Collapse Aborted (for the moment). Dodgers defeat Pirates 4-3 in 12 innings.
As I wipe the sweat off of my brow, I can breathe easier for the moment. The Dodgers somehow survived a super scare in the city of Pittsburgh against the Buckos to stay 4 in front of the Snakes. If Giant Cy Young frontrunner Tim Lincecum can bare down and win his 18th in a hostile ballpark, then our boys will have an overwhelming 5 game lead with a mere 9 to play, 6 of them at Chavez Ravine. Our magic number at the moment is 7, which could be 6 by the end of the evening. If that happens, then I think you can begin counting the outs to a Western division title.
The game had everything that's for sure. The Dodgers fell behind early as Clayton Kershaw gave up an early run, but then really got into a grove. He was taken out early, in my opinion, after throwing only 86 pitches and the Dodgers leading 2 to 1. Torre opted to bring in Takashi "Sammy" Saito early and that did not go well with the recently reactivated pitcher giving up the tying run and making it 2-2. The Dodgers retook the lead 3-2, but Later Torre went to reliever Cory Wade and the normally efficient pitcher coughed up the tying run to the former Dodger Andy Laroche, who was sent to the Pirates in the three way deal that brought us Dreadlocks. Laroche was hitting a mere .156 as a pirate but delivered the lethal blow with two strikes and two outs. The game went into extras and the clutch hitting James Loney delivered the game winner in the top of the 12th with a nervous and rather shaky Jonathan Broxton nailing down the save.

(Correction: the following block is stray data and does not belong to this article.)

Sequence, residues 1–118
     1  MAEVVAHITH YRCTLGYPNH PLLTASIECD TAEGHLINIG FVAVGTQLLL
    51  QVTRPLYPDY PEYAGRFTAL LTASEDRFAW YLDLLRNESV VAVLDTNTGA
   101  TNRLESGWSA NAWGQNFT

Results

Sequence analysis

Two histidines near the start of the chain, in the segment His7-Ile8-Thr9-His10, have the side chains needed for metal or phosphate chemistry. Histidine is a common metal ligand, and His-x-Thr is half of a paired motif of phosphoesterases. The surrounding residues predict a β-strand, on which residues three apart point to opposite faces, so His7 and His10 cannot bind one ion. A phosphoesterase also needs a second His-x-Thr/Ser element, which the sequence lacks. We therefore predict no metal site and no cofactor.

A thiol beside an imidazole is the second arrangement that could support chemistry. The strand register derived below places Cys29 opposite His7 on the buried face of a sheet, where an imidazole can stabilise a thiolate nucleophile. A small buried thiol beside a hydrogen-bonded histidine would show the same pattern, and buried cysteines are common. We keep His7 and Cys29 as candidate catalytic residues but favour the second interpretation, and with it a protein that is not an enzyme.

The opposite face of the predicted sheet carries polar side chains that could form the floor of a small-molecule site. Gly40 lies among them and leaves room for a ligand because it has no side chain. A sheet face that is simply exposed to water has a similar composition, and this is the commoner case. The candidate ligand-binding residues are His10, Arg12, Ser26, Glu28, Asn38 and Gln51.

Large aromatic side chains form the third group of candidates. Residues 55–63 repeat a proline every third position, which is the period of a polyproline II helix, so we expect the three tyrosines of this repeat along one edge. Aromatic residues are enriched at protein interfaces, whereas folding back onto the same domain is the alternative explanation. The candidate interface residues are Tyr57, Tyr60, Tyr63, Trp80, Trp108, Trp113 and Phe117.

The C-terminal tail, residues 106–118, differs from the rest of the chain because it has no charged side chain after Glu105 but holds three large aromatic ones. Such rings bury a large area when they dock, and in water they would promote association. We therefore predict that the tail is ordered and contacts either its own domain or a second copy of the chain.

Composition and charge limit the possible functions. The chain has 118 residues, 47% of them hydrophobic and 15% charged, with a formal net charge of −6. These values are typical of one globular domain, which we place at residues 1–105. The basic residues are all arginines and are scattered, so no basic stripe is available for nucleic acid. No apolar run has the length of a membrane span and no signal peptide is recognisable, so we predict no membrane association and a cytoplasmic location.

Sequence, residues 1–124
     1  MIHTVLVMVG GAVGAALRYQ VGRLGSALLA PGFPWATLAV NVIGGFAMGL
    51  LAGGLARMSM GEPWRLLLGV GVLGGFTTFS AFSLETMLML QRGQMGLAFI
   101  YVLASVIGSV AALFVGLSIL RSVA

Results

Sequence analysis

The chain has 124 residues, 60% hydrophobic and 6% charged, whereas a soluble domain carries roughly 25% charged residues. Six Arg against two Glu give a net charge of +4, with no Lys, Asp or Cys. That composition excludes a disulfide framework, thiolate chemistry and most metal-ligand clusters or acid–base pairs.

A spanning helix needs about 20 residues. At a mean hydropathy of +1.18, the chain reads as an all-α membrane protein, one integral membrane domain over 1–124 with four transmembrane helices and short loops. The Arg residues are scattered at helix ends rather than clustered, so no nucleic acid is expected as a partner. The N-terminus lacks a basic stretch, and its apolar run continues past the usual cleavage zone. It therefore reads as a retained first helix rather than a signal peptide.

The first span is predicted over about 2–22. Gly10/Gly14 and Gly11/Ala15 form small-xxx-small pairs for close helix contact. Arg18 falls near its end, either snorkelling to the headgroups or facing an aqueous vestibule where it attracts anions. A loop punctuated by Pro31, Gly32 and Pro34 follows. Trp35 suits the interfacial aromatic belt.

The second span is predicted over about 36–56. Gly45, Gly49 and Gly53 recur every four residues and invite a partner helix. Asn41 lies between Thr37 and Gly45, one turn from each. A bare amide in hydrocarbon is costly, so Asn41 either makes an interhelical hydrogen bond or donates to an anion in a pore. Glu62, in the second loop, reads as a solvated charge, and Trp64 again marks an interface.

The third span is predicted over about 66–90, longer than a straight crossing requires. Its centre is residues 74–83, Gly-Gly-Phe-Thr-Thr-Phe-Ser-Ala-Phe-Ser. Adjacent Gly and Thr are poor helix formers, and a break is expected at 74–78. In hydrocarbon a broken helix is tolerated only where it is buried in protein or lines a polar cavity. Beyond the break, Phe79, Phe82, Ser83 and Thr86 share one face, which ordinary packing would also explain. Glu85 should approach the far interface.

One of the signature moments of the game was when Matt Kemp decided to try and steal third base with runners on first and second and two outs. The wretched pinch hitting "specialist" Mark Sweeney came up to pinch hit for Angel Berroa in the 8 hole and Kemp made an inadvised attempt to steal third and was thrown out from here to the Allegheny, the Mohonga and the Poughkeepsie preventing Sweeney from swinging the bat at all, disqualifying him from the game and negating a double switch with the pitchers spot coming up for the third out. It was one of the most breathtaking plays of the year for its sheer audacity of ignorance. But hey, if I was on second base and Mark Sweeney was up at the plate, I would try to steal home, bonheaded or not.
And so, Dodger Tony and the rest of Dodgerland can breathe easier for at least a day. That is until we begin our annual rite of passage with the hated ones from the bay area for three here, followed by a brief respit with the Padres at home, and then onto SF for the last three, hopefully, meaningless games.